Red Coat Justice (Ontario & Nunavut Region; Travesty Productions Inc.; Producers: Phillip Daniels & Michael Vernon; Writers: S. Wyeth Clarkson, Grant Sauve & Charles Johnston; Director: S. Wyeth Clarkson; Telefilm investment: $612,500) is a Western drama that takes place in 1894 in Canada's Yukon Territory just before the gold rush. Wade Grayling an N.W.M.P., who began a promising career, was dishonourably reassigned to the most desolate area of the Yukon to survey land for a new garrison. Instead, he finds himself sitting down to eat with the leader of a small Russian pioneer community while a limp body hangs from a nearby tree. Wade soon finds himself in the midst of an opium dispute with a murder to solve.

Stained (Western Region; Goonworks Films Ltd. & Angel Entertainment Corporation; Executive Producers: Karen Lam & Bob Crowe; Producers: Katie Weekley, Wally Start & Bob Crowe; Director/Writer: Karen Lam; Telefilm Investment: $350,000). Isabelle & Jennifer have been friends since childhood. When Isabelle rekindles a romance with an abusive ex-boyfriend, Jennifer is the only one who can save her. But does Isabelle really need saving?

The Year Dolly Parton was My Mom (Quebec Region; Palomar & Buffalo Gal Pictures; Producers: Barbara Shrier & Liz Jarvis; Writer/Director: Tara Johns; Distributor: Mongrel Media Inc. / Métropole Films; Telefilm investment: $800,000) is a charming and funny coming of age story. It’s 1976 and Elizabeth is just your average 11-year-old living in the suburbs of Winnipeg when she discovers her whole life has been a lie. With only her imagination and an Ouija Board to guide her, Elizabeth runs away in search of her true identity. Her adoptive mother, Marion is then forced to go after her daughter. This leads to a cathartic cross-country trek by a mother searching for a daughter who’s searching for a mother – both of them really searching for themselves.

Billy (Western Region; Winesto Films Inc.; Producer: Winston W. Moxam & Ernesto Griffith; Director: Winston W. Moxam; Writers: Ernesto Griffith & Winston W. Moxam; Telefilm Investment: $15,000). A young journalist arrives at a retirement home to interview Billy, a 94 year-old Black man. Billy tells him the story of his eventful life, dating back to his early recollections of a time when he left the United States to move to northern Manitoba. He recalls his struggle as a homesteader, the racism he endured, his love of a woman, and his gift of photography. Billy is the story of one man's constant search for acceptance.

Excited (Western Region; Slewfoot Productions Inc.; Producer: Bruce Sweeney; Director: Bruce Sweeney; Writer: Bruce Sweeney; Telefilm Investment: $200,000). This film is about the nature of sexual dysfunction, the difficulties of intimate relationships, and unwanted parental intrusion. Kevin Staal, 36, is a successful businessman. He's divorced and has been single for 8 years, but he's finally met someone he likes. Hayaam, 39, has two degrees and works in a shoe store. They date and things look promising until his sexual problem stalls the relationship.

Fathers & Sons (Western Region; Raven West Films Ltd.; Executive Producer: Laura Lightbown; Producers: Carl Bessai & Jason James; Co-Producer: David Lee; Director/Writer: Carl Bessai; Telefilm Investment: $200,000). "Fathers & Sons” follows the lives of four very different families as they confront a pivotal moment in their relationships; the film celebrates those unchosen bonds that shape our lives, the blessings and burdens.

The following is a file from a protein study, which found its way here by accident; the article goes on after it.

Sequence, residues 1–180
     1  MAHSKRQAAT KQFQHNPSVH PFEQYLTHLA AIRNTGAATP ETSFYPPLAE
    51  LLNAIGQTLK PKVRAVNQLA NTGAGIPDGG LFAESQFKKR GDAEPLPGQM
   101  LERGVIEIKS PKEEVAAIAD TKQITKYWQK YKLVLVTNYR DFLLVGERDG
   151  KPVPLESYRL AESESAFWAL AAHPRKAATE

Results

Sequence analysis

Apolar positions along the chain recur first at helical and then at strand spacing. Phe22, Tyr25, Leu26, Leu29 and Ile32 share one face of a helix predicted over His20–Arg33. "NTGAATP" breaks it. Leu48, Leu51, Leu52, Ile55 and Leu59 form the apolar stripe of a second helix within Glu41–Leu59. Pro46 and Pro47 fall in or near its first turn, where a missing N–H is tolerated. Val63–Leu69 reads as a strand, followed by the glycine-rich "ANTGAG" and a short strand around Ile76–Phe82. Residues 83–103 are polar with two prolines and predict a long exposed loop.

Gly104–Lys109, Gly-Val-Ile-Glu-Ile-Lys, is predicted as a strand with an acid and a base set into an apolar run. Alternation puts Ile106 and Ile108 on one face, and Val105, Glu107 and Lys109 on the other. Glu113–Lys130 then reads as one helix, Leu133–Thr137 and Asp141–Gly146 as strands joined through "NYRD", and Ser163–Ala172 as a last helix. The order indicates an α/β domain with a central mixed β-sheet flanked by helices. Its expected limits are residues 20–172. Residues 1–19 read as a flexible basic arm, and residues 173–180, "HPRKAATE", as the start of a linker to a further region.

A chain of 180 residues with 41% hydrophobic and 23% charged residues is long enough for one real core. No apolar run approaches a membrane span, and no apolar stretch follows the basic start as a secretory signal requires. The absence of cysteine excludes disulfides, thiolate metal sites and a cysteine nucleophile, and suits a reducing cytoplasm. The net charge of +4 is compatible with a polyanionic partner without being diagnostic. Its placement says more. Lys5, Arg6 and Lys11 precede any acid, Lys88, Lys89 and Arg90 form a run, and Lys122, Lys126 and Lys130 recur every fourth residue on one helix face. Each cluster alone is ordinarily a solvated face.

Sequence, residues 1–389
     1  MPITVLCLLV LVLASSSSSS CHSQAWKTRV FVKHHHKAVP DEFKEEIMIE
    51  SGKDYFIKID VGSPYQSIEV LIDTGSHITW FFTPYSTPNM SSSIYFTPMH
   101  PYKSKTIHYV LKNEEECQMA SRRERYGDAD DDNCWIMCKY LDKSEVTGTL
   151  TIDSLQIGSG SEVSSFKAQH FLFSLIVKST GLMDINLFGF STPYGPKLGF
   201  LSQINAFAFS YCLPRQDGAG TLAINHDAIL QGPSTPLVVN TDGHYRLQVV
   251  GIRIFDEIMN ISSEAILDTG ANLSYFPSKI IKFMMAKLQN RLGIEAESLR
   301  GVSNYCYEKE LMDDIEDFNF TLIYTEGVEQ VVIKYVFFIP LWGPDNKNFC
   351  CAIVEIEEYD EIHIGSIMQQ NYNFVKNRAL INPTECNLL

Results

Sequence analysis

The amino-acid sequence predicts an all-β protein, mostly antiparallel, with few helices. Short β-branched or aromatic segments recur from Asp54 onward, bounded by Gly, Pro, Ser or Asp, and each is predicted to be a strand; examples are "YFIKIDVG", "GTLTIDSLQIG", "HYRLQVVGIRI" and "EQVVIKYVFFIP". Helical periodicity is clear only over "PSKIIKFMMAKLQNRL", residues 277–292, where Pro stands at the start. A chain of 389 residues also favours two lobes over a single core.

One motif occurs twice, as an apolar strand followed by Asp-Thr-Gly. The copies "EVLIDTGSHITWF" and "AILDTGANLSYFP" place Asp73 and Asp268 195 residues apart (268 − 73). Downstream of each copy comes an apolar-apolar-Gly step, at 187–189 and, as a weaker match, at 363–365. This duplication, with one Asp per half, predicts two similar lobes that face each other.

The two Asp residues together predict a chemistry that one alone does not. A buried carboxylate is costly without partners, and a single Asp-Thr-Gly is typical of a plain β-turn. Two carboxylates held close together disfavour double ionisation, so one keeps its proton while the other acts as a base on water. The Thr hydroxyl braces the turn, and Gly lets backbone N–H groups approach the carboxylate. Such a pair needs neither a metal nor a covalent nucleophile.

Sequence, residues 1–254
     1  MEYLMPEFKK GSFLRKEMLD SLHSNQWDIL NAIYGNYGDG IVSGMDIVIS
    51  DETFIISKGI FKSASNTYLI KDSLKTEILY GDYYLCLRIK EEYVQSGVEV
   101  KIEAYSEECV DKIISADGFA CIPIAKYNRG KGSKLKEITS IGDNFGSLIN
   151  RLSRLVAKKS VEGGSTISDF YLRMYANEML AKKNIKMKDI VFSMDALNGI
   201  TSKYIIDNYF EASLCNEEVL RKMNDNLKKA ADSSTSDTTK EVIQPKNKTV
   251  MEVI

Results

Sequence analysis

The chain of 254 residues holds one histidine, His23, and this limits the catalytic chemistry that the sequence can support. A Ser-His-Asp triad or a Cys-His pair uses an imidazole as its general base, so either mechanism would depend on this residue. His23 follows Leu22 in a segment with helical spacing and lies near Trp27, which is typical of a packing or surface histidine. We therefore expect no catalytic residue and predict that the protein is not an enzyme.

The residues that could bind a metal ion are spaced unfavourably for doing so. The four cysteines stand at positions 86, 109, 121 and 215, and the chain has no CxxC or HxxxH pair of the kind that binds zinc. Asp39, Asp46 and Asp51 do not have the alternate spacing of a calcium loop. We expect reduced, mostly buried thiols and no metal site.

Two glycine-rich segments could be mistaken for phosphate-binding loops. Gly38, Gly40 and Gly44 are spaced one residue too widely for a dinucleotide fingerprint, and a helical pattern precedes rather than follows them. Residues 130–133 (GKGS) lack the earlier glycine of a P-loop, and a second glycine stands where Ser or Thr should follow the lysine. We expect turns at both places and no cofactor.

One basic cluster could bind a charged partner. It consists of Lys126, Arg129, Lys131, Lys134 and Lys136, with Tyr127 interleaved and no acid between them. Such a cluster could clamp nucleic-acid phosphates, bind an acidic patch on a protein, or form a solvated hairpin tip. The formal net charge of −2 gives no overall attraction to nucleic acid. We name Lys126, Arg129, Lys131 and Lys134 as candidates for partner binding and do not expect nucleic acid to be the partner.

A Gun to the Head (Western Region; ASAP Films Inc.; Producer: Oliver Linsley; Director: Blaine Thurier; Writer: Blaine Thurier; Telefilm Investment: $100,000). Reformed criminal-turned-bored husband Trevor leaves his wife's awkward dinner party to get some wine. He reunites with his coke-dealing cousin, Darren, who entices him into making the rounds. Trevor finds himself descending into his dark past of drugs and street fights. When he learns Darren's life has been threatened by a local gangster, Trevor tires to broker a deal, only to be abandoned by his cousin. The gangster's thugs hold his wife's dinner party hostage until Trevor can produce Darren. Trevor's desperate effort to fix his mess only makes things worse until the inevitable happens.

Modra (Ontario & Nunavut Region; PUNK Films Inc.; Producer: Ingrid Veninger; Writer/Director: Ingrid Veninger; Telefilm investment: $135,000) tells the story of a 17-year-old girl and boy at a crossroads. It captures the longings and confusion of a precise moment in our lives, when adulthood has not yet arrived, but childhood has already long vanished.

A Night for Dying Tigers (Western Region: Dying Tiger Films Inc.; Producers: Terry Miles & Sidney Chiu; Director/Writer: Terry Miles; Telefilm Investment: $200,000). In 24 short hours, Jack goes to prison for five years. Tonight, for the first time since the sudden death of their parents one year earlier, the family is summoned to their ancestral home for Jack’s farewell dinner. What begins as a civil, if not joyful, reunion filled with food, drink, and acerbic conversation, quickly devolves into a morally questionable whirlwind of regret, reveals, reversals, and revelations. As they duke it out in a half-savage, half-civilized fashion, these characters and the truths behind their long history of conflict and tragedy, are slowly and surprisingly revealed. “A Night for Dying Tigers” is a dark, heartfelt and ultimately revealing portrait of a family on the edge of disintegration.